GW


GW Johnson
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"There is nothing as expensive as a dead crew,  especially one dead from a bad management decision"

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#389 2015-09-19 13:29:25

RobertDyck
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Re: Orion (CEV / SM) - status

If you want to land cargo on the Moon, you would get far more cargo mass with a dedicated lander. Something light. Why would you need the heavy hull of a Dragon capsule?

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#390 2015-09-19 22:43:50

SpaceNut
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Re: Orion (CEV / SM) - status

So what other alterations would be needed to the red dragon in order to make an ideal lander for the moon?

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#391 2015-09-20 05:07:28

RobertDyck
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Re: Orion (CEV / SM) - status

Robert Zubrin argued to send Mars Direct to the Moon. That means a Mars hab and ERV. They would not have parachute or heat shield, since the Moon doesn't have atmosphere. I have argued that the Mars Direct ERV has been optimized for ISPP. But the Moon doesn't have a CO2 atmosphere, so ISPP won't work. And lunar polar ice isn't enough to make LH2 either. So I have suggested an Apollo style LM to ferry astronauts to the surface and back to Lunar orbit. And either Orion or Dragon to bring astronauts back to Earth.

So this would mean Mars Direct hab + Apollo LM.

Of course I could argue for my Mars architecture. But that would still mean a Mars hab + Apollo LM. The primary difference with my Mars mission is a reusable craft to go from ISS in LEO to Mars orbit and back. And an MAV instead of ERV. But again, the Moon needs a different ascent vehicle.

For cargo we would have something like the descent stage of the Apollo LM, with not ascent stage. Instead just cargo. Or you could optimize further. The Apollo LM was designed so the descent stage acted as a launch platform for the ascent stage. A cargo lander wouldn't need that, so you could make the landing stage even more flimsy. Something like Viking landers, or Phoenix.

And you could look at the whole landing sequence. The Russian mission plan broke up the stages differently. Saturn V 3rd stage had 2 jobs: Earth orbit insertion, and TLI. The Russian N1 rocket had 4 stages: Block V for Earth orbit insertion, and Block G for TLI. The Apollo service module also had 2 jobs: LOI and TEI. And the Apollo LM descent stage had 2 jobs: deorbit, and landing. The Apollo LM ascent stage had just one job: ascent to Lunar orbit. The Russians used a Block D for two jobs: LOI and deorbit. The Soyuz LOK service module had only one job: TEI. Their LK had just one propulsion stage, known as Block E. Their Block E had two jobs: landing, and ascent. This demonstrates the jobs can be broken up differently.

Constellation assigned the jobs differently again. Constellation would have used Ares V to launch an Altair lunar module into Earth orbit, and Ares I to launch Orion to rendezvous and dock. The upper stage of Ares V would have two jobs: Earth orbit insertion, and TLI. The Altair lunar module would have two stages: descent, and ascent. The descent stage would have 3 jobs: LOI, deorbit, and landing. The ascent stage just one: ascent. The Orion service module would have just one job: TEI.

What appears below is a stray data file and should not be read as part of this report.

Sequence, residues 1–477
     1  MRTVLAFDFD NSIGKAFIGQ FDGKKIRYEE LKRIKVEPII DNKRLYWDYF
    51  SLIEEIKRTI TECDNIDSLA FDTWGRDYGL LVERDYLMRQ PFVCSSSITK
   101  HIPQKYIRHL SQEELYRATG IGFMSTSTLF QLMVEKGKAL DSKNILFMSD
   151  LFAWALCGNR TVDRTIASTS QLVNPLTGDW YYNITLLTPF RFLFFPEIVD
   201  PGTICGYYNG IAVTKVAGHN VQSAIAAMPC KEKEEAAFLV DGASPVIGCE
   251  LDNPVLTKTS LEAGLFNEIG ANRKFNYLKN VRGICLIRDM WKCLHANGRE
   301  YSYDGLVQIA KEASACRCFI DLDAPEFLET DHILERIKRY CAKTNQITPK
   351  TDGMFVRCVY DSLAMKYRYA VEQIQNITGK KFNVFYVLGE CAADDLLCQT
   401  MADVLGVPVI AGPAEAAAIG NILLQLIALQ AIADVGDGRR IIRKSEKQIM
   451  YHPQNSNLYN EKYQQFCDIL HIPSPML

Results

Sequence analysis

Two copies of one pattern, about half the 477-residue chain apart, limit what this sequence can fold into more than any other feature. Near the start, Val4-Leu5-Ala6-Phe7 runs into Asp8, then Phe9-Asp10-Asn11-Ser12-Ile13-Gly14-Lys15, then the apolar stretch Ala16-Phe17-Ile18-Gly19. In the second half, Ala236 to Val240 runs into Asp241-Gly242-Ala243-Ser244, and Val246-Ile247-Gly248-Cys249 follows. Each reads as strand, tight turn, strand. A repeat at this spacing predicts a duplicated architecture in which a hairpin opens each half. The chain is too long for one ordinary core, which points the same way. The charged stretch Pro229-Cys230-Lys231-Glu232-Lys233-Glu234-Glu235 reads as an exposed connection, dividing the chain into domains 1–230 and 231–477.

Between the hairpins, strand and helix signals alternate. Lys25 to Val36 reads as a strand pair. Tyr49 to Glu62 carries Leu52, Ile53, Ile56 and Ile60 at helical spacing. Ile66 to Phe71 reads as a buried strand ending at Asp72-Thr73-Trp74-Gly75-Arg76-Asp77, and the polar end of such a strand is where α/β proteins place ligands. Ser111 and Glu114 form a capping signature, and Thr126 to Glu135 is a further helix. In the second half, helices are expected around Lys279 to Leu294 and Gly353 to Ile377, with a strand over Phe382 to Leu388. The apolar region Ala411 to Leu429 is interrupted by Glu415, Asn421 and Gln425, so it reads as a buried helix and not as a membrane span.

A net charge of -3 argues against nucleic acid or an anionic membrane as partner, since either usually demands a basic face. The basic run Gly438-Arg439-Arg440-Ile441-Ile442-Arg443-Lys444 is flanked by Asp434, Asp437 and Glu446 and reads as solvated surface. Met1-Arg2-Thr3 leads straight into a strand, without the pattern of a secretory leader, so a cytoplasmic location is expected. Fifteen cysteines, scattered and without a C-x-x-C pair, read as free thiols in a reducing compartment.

I have suggested we build a something to send humans to the Moon with just one SLS Block 2B. That would use a CST-100 capsule plus a larger service module instead of Orion. Or we could use Dragon v2 with the trunk expanded to be a service module. On September 4, Boeing announced CST-100 is now called Starliner. I suggested the SM do the same jobs as the Apollo SM: LOI & TEI. But we could do what the Soviets did; include a separate stage for LOI. In fact that separate stage could deorbit the lunar module, like the Soviet design. The lander could have a single propulsion stage, or separate stages for landing and ascent. Some people would still want to use Orion, even though it will need a new service module. I doubt the ATV-based service module is able to do the single job of TEI.

If you want to use SpaceX hardware, you probably want the Dragon SM to be relatively modest. That means TEI only. So a separate stage for TEI. Falcon Heavy upper stage can do both Earth orbit insertion, and TLI. So a separate stage for LOI. Falcon Heavy has significantly additional lift, and Dragon is much lower mass than Apollo; could a single launch of Falcon Heavy carry a lunar lander? But you could design a stage for LOI and deorbit. Would that leave enough mass for a lander with a single stage like LK? Or would you split landing and ascent into separate stages? Or different again: a single propulsion stage like LK, but leave the landing legs behind like the Apollo LM. Actually LK would jettison its legs during ascent, but I'm suggesting leaving them on the surface. And propellant tanks for landing left with the legs, but propellant feed to the propulsion stage. So a single engine, or set of engines, for the LM. Falcon Heavy has propellant crossfeed, so they can do that.